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Re: CO2 system with/without pH controller

Peter G. Aitken at peter at pgacon_com wrote:

>> C'mon, man, it's a scientific fact that O2 and CO2 are independent.
>> Chuck Gadd's experiment demonstrated this. You are wrong. Period.
>> Adding CO2 does NOT reduce O2.
> I am afraid it is you who are wrong. Gasses in solution are not independent
> of each other. Adding CO2 (or any other gas) to a tank will in fact reduce
> O2. This is expressed by Henry's law which states that the volume of a gas
> dissolved is proportional to its partial pressure.

I believe George was referring to the relationship between O2 and CO2 when
both are *in solution*. Henry's law pertains to the relationship of a
dissolved gas in proportion to its pressure in a gaseous state. In fact,
Henry's Law actually proves that George is right, since the addition of CO2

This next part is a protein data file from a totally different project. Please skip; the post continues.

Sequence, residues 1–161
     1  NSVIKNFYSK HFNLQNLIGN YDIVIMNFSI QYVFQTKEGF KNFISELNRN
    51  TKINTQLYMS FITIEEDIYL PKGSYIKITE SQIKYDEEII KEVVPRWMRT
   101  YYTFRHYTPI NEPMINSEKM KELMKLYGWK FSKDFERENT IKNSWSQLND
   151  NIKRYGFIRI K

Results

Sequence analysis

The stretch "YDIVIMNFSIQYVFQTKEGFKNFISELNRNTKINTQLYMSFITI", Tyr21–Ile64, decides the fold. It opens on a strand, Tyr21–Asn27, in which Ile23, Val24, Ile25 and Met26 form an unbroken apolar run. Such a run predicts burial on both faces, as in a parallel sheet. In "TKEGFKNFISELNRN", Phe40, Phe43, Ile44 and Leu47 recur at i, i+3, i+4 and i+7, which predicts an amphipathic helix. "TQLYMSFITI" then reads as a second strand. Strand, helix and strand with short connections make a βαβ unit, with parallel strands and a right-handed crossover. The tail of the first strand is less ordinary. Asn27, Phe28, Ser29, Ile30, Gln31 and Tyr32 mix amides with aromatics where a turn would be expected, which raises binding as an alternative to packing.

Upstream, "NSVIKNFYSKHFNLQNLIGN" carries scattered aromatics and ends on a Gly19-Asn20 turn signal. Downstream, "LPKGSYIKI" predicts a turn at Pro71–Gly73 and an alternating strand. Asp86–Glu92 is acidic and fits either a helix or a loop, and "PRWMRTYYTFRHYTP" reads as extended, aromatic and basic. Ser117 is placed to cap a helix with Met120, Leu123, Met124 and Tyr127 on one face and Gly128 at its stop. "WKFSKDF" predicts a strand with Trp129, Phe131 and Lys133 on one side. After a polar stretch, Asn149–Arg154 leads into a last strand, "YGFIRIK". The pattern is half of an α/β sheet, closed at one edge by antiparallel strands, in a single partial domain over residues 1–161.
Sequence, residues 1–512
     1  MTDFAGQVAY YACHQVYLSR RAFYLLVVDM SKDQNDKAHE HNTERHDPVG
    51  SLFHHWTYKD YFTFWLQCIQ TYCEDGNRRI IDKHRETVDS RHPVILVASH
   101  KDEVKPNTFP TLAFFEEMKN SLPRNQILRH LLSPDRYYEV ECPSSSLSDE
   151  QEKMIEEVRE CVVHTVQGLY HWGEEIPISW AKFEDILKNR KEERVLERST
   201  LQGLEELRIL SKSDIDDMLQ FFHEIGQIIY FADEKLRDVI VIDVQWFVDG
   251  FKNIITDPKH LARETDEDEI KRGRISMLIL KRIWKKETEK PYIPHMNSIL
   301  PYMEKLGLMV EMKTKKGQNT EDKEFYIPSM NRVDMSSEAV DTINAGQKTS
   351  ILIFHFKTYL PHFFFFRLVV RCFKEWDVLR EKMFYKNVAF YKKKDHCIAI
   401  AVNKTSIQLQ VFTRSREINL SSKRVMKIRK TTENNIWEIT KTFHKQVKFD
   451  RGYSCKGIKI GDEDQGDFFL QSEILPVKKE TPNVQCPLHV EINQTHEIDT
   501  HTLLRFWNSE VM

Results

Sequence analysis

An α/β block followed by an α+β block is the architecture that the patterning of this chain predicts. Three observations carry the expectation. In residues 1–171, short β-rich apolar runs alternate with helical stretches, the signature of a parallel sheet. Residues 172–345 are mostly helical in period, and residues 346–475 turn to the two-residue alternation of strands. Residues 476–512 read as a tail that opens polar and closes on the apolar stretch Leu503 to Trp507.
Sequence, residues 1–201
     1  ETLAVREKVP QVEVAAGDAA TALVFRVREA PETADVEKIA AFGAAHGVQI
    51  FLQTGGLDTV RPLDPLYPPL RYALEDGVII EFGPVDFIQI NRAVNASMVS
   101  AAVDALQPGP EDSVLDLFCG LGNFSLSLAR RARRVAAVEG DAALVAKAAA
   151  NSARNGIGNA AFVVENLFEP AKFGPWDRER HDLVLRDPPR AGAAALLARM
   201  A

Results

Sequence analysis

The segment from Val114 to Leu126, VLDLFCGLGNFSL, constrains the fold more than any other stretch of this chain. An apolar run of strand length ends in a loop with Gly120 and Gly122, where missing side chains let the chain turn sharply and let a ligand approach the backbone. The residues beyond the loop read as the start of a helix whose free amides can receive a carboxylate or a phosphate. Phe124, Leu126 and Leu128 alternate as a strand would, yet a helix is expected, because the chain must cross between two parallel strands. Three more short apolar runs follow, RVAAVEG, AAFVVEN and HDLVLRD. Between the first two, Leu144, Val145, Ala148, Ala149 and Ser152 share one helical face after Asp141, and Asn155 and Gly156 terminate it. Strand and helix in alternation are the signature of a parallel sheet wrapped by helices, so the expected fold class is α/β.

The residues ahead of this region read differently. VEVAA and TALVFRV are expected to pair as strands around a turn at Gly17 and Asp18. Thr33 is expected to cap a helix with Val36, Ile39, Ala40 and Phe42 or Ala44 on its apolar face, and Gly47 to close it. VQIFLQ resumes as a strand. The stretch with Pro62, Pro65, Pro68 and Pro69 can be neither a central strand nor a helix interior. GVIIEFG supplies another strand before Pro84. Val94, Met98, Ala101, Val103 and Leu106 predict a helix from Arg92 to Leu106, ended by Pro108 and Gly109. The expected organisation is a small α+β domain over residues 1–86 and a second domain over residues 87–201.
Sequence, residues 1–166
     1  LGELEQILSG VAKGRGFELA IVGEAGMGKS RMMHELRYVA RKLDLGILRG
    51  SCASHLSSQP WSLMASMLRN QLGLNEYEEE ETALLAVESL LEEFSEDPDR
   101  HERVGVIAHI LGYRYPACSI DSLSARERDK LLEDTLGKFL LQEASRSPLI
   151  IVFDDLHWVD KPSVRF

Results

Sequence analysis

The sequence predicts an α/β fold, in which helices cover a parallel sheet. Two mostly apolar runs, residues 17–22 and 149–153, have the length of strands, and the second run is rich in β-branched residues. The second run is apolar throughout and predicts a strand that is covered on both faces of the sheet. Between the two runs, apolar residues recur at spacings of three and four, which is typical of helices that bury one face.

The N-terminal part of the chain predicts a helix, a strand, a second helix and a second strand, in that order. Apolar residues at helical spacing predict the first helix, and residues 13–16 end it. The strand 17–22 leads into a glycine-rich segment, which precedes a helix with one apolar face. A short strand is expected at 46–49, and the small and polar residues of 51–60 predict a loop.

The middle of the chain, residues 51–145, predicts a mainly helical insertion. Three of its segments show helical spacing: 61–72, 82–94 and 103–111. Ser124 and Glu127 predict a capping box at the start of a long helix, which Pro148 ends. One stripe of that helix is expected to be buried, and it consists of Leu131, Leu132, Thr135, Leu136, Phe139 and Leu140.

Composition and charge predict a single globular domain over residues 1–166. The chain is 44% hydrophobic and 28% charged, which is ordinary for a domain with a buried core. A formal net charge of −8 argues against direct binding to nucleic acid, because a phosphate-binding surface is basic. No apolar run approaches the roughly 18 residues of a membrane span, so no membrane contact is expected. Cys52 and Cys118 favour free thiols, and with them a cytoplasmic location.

to water does not change the concentration of O2 in solution.

> At equilibrium, water will contain these gasses in the
> following levels:
> Suppose then you add some CO2 to the system so that the
> air now contains 77% N2, 18% O2, and 5% CO2. The total pressure remains the
> same. The water will now contain the following:
> N2 585.2 mm Hg
> O2 136.8 mm Hg
> CO2 38.0 mm Hg

Since CO2 is being added to the water via a pressurized tank, the partial
pressure in the atmosphere has little to do with it. Unless you change the
partial pressure of the O2 in the air above the water (which isn't gonna
happen in someone's house where their aquarium is), its concentration in the
water will not be affected by the addition of CO2 via a pressurized tank.

Dan Dixon